At first, it was kind of cute, the way Lorna would forget things: her purse, her bowling schedule, how many glasses of Cuvee Speciale she had had…and then it began to take us by surprise. Soon she was forgetting recipes she had practiced for over fifty years. Each Sunday she asked, “whose baby is that?” or “Which of my sons are you married to?”
Lorna wasn’t sure what was happening, but she learned to cope. She would just smile and nod and pretend that she knew who was addressing her. But if you were a relatively new acquaintance, from the past five years or so, your name would escape her. The disease took hold and the decline came quickly these past few months.
Lorna met Wally in the early 1950’s. He was sitting on her mother’s living room couch one day when she came home from school. Her brother Bill had brought him home. Lorna took one look at the handsome man with the big grin and flashing eyes, walked into the kitchen and told her sister Dot: “See that man in the living room? That’s the man I’m going to marry.”
Wally and Lorna were married for nearly 7 decades. They raised 5 children together. Wally worked in metals at the National Research Council and while Lorna worked at a bank for a time, her domain was the kitchen. The aroma of her baking attracted neighbourhood kids to the kitchen door, where they were allowed “two cookies each” from the jar she kept there. Each day at lunch her children ran the few blocks home, where Lorna had covered the dining room table with open-faced peanut butter and jelly sandwiches on her fresh baked bread.  Every Thursday she made dinner for the extended family. Her recipes were handed down through the generations, to her children and grandchildren.
When it was time to sit down with the pastor and put a celebration of life together for Lorna, Wally had some strong ideas. His wife was not overly religious, he said, but she did like to attend church regularly. We got out the Bible and started choosing psalms and prayers of remembrance. Suddenly it hit me: “Lorna was a Proverbs 31 wife,” I said, explaining the verse about the Wife of Noble Character, who was known for her strong work ethic, integrity, charity, strength and love of family. We decided to include that verse in the service readings.
Wally surprised his sons by producing a long list of music he wanted played at Lorna’s celebration, including the original Deep Purple: “when the deep purple falls, over sleepy garden walls…” I thought that was perfect, because Lorna loved the colour purple. Her favourite song Stardust also mentions the colour purple in the first line. We made sure there was a touch of purple among the simple garden flowers at her ceremony, and those of us who didn’t wear purple clothes pinned on a purple ribbon or butterfly in her memory.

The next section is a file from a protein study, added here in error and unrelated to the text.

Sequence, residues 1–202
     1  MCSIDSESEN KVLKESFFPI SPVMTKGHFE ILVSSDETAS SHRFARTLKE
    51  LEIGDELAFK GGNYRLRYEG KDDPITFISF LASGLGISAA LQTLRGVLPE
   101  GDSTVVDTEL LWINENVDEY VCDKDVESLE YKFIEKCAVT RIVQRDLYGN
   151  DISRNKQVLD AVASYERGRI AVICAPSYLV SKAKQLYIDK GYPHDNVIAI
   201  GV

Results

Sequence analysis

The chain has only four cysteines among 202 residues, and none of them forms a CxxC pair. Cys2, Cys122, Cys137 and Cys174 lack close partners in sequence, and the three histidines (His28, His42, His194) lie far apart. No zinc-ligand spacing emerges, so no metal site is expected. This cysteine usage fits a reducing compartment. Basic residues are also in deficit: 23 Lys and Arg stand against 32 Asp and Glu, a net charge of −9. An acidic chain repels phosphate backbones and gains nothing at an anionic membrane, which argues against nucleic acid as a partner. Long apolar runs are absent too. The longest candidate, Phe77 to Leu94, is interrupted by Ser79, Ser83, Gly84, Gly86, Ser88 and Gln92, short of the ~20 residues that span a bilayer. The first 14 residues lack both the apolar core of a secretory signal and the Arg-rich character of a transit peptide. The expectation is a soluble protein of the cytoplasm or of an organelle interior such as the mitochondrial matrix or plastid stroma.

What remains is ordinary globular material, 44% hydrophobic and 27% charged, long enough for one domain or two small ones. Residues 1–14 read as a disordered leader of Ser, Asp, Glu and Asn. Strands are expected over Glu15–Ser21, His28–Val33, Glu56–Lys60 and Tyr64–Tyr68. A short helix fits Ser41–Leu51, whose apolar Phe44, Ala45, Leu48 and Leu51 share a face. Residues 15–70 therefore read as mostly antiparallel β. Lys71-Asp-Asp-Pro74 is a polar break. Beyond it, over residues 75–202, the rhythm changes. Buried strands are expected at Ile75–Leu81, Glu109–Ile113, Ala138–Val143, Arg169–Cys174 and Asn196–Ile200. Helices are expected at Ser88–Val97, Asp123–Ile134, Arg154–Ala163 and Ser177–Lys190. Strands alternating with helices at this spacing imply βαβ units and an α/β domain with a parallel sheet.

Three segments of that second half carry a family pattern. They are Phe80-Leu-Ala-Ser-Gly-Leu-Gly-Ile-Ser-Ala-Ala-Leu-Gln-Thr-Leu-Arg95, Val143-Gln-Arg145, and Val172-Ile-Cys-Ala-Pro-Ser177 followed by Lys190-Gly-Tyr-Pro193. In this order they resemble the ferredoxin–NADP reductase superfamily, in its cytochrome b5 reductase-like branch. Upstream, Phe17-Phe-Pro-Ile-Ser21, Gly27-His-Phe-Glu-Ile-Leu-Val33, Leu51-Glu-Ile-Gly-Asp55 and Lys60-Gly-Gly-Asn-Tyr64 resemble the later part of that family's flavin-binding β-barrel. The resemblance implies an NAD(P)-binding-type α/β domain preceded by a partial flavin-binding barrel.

Wally led the readings with a memorable tribute to his beloved “Lorn.” He barely looked at his notes but rather he scanned our faces as he spoke about his love for his wife. His kids got up and took their turns then, adding a few laughs here and there, as Lorna would want.
Finally it was time for the pastor to read Proverbs 31. It was the perfect summary of Lorna’s life. And when she got to verse 22, the pastor looked up and smiled, “she was clothed in fine linen…and purple.”
Maybe Lorna had a hand in planning her own celebration of life. It was a simple, honest and straightforward service – much like Lorna herself. And as I looked around the room at four generations of Fishers and Patersons, I wondered if Lorna had pictured something like this family legacy on that day, decades earlier, when she first spotted Wally sitting on her mother’s couch.
Just look at what you have made, Lorna. Well done, thy good and faithful servant, indeed.
In memory of Lorna June Paterson Fisher.

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Tuesday, May 7, 2019

Farmers are the Kings and Queens of upcycling

I hate to spend money. My husband might spit out his coffee reading that line (if he read my column, which he doesn’t), because he has seen my Visa bill. So let me clarify: I hate spending too much money for something. I do enjoy a good retail therapy session – but it has to be filled with amazing deals, great finds and super sale prices or I will have buyer’s remorse, and likely return what I bought.